Encyclopedia of Criminology and Criminal Justice

2014 Edition
| Editors: Gerben Bruinsma, David Weisburd

Historical Criminology

Reference work entry
DOI: https://doi.org/10.1007/978-1-4614-5690-2_672

Synonyms

Overview

Historical criminology brings methods and concepts from history to the study of crime and criminal justice. This entry covers the differences between criminologists and historians, leading theoretical frameworks in historical criminology, methods of historical research, and the role of time in criminology theory and research.

Key Issues/Controversies

Criminologists and Historians

There are well-established areas of research that overlap history and criminology. Manuel Eisner (2003) and Hans van Hofer (2011) analyze levels of crime over time. The study of crime trends makes intuitive sense to criminologists, particularly when these trends are examined from the Second World War. Trends in crime and imprisonment during the late twentieth century are readily interpreted using criminological models, so readily that criminologists do not regard this as “history.” Criminologists are also interested in the history of criminology. This research examines the...

This is a preview of subscription content, log in to check access.

Recommended Reading and References

  1. Bosworth M (2001) The past as a foreign country? Some methodological implications of doing historical criminology. Br J Criminol 41:431–442Google Scholar
  2. Braudel F (1980) On history. University of Chicago Press, ChicagoGoogle Scholar
  3. Deflem M (2002) Policing World Society: historical foundations of international police coperation. Oxford University Press, OxfordGoogle Scholar
  4. Eisner M (2001) Modernization, self-control and lethal violence: the long-term dynamics of European homicide rates in theoretical perspective. Br J Criminol 41:618–638Google Scholar
  5. Eisner M (2003) Long-term historical trends in violent crime. Crime Justice A Rev Res 30: 83–142Google Scholar
  6. Garland D, Sparks R (2000) Criminology, social theory and the challenge of our times. Br J Criminol 40:189–204Google Scholar
  7. Gibson M (2002) Born to crime: Cesare Lombroso and the origins of biosocial criminology. Praeger, WestportGoogle Scholar
  8. Godfrey B, Dunstall G (2005) Crime and empire 1840-1940. Willan, DevonGoogle Scholar
  9. Godfrey B, Lawrence P, Williams C (2010) History and crime. Sage, LondonGoogle Scholar
  10. Killias M (2006) The opening and closing of breaches: a theory on crime waves, law creation and crime prevention. Eur J Criminol 3:11–31Google Scholar
  11. Knepper P (2009) The invention of international crime: a global issue in the making, 1881-1914. Palgrave, LondonGoogle Scholar
  12. Knepper P (2011) International crime in the twentieth century: the league of nations era, 1919-1939. Palgrave, LondonGoogle Scholar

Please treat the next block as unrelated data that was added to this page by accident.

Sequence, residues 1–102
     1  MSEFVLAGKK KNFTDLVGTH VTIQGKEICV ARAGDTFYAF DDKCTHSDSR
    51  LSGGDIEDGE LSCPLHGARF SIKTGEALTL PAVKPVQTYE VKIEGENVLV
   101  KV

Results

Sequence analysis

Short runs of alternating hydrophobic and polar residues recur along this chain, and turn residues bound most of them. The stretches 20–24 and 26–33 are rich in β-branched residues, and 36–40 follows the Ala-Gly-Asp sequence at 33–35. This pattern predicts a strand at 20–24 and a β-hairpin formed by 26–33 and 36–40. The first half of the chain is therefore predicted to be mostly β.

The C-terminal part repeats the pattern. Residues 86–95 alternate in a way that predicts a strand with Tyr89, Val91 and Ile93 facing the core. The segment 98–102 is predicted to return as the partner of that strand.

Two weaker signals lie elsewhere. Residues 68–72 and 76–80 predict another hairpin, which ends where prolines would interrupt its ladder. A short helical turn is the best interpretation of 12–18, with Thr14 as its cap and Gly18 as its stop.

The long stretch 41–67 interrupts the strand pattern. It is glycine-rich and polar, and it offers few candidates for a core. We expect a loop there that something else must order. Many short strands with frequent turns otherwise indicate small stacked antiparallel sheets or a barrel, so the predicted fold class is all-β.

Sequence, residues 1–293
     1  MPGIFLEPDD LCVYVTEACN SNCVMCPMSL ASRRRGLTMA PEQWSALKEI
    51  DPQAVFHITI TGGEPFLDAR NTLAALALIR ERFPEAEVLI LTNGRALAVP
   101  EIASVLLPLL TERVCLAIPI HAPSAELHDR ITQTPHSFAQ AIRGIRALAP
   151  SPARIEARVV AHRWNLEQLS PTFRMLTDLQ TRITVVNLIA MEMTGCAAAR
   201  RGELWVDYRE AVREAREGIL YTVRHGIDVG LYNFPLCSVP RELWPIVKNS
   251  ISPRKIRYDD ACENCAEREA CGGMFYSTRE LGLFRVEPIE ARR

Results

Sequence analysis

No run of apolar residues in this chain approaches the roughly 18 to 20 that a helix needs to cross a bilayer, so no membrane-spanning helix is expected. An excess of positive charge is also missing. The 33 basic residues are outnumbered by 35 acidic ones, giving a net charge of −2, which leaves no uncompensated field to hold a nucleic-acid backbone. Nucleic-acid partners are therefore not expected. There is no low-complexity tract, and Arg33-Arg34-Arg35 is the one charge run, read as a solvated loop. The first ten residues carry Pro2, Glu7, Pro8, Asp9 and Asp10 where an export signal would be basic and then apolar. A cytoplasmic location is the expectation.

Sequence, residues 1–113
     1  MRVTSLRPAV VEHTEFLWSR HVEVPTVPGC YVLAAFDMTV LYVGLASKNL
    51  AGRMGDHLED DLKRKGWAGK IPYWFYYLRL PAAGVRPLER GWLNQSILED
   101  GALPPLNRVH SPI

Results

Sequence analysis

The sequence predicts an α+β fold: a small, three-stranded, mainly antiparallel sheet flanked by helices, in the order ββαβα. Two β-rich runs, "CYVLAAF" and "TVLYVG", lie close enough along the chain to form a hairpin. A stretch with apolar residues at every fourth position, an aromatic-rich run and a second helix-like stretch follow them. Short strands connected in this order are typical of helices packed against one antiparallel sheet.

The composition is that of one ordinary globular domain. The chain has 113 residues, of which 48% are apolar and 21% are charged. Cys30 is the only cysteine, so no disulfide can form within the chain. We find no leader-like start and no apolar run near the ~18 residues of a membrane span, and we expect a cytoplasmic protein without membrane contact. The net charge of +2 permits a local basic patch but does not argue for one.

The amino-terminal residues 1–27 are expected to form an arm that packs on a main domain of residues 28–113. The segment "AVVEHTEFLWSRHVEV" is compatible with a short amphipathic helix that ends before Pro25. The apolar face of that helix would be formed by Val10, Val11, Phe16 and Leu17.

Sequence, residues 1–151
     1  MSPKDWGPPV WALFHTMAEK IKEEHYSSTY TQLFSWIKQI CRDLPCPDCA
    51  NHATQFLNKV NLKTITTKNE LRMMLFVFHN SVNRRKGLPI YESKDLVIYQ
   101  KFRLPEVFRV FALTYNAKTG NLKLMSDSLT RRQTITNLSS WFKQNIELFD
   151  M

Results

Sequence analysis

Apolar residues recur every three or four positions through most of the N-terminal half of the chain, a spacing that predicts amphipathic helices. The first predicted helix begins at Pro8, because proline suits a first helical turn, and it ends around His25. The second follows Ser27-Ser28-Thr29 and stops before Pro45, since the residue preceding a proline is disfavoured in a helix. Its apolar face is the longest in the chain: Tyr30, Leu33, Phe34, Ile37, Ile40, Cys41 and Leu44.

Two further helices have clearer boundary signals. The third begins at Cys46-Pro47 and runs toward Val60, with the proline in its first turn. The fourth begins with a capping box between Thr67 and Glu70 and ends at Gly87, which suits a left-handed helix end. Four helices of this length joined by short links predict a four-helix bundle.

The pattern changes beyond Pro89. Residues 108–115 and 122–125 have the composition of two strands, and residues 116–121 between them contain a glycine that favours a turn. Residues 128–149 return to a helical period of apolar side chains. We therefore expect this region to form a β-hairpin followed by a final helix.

13. Knepper P, Scicluna S (2010) Historical criminology and the imprisonment of women in nineteenth century Malta. Theor Criminol 14:407–424Google Scholar
  14. LaFree G (2007) Expanding criminology’s domain: The American Society of Criminology 2006 presidential address. Criminology 45:1–31Google Scholar
  15. Laub J (2004) The life course of criminology in the United States: The American Society of Criminology 2003 presidential address’. Criminology 42:1Google Scholar
  16. Laub J, Sampson R (2003) Shared beginnings, divergent lives: delinquent boys to age 70. Harvard University Press, Cambridge, MAGoogle Scholar
  17. Lawrence P (2012) History, criminology and the ‘use’ of the past. Theor Criminol 16(3):313–328Google Scholar
  18. Loader I, Sparks R (2005) For an historical sociology of crime policy in England and Wales since 1968. In: Matravers M (ed) Managing modernity: politics and the culture of control. Routledge, Oxford, pp 5–32Google Scholar
  19. Mucchielli L (2010) Are we living in a more violent society? A socio-historical analysis of interpersonal violence in France, 1970s-present. Br J Criminol 50:808–829Google Scholar
  20. Pratt J (2000) Civilization and punishment. Aust N Z J Criminol 33:183–201Google Scholar
  21. Rafter N (1985) Gender, prison and prison history. Soc Sci Hist 9:233–247Google Scholar
  22. Rafter N (1990) Partial justice: women, prisons and control. Transaction, New BrunswickGoogle Scholar
  23. Rafter N (1992) Criminal anthropology in the United States. Criminology 30:525–546Google Scholar
  24. Sampson R, Laub J (2005) A life-course view of the development of crime. Ann Am Acad Pol Soc Sci 602:12–45Google Scholar
  25. Shoemaker R (2009) Print culture and the creation of public knowledge about crime in 18th century London. In: Knepper P, Doak J, Shapland J (eds) Urban crime prevention, surveillance and restorative justice: effects of social technologies. CRC Press, Boca Raton, pp 1–22Google Scholar
  26. Spierenburg P (1984) The spectacle of suffering. Cambridge University Press, CambridgeGoogle Scholar
  27. Von Hofer H (2011) Punishment and crime statistics in Scandinavia, 1750-2008. Crime Justice A Rev Res 40:33–108Google Scholar
  28. Zedner L (1998) Women, crime and custody in Victorian England. Clarendon, OxfordGoogle Scholar

Copyright information

© Springer Science+Business Media New York 2014

Authors and Affiliations

  1. 1.School of LawUniversity of SheffieldSheffieldUK